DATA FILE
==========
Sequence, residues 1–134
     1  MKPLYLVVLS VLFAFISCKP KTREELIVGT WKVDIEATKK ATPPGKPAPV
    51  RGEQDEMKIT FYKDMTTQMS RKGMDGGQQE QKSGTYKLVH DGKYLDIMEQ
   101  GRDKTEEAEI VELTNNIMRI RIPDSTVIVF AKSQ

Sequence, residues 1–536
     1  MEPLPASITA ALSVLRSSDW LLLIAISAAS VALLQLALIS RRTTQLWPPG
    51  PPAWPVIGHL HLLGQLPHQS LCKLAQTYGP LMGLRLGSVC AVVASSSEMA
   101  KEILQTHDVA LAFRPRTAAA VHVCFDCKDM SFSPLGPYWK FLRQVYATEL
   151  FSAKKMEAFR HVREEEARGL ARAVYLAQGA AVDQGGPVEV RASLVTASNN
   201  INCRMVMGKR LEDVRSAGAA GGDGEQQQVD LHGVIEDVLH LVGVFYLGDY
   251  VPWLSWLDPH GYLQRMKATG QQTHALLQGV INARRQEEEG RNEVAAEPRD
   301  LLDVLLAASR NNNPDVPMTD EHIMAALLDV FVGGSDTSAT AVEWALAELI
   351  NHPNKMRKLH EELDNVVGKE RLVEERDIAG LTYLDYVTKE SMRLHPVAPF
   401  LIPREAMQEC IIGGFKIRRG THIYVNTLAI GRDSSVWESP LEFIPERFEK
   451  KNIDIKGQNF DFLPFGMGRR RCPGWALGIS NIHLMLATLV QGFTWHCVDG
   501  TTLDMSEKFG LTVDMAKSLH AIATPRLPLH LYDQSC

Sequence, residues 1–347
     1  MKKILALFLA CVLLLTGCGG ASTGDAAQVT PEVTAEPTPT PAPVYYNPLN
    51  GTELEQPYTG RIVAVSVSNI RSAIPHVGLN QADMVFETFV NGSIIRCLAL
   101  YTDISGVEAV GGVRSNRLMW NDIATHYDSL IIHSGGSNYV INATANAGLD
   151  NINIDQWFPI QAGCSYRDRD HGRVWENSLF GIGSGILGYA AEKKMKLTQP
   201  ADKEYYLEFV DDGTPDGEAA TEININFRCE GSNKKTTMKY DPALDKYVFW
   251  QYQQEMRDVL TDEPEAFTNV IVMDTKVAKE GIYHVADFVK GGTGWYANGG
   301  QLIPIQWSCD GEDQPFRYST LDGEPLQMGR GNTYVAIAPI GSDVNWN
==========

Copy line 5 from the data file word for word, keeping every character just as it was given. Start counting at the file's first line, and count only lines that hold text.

Sequence, residues 1–536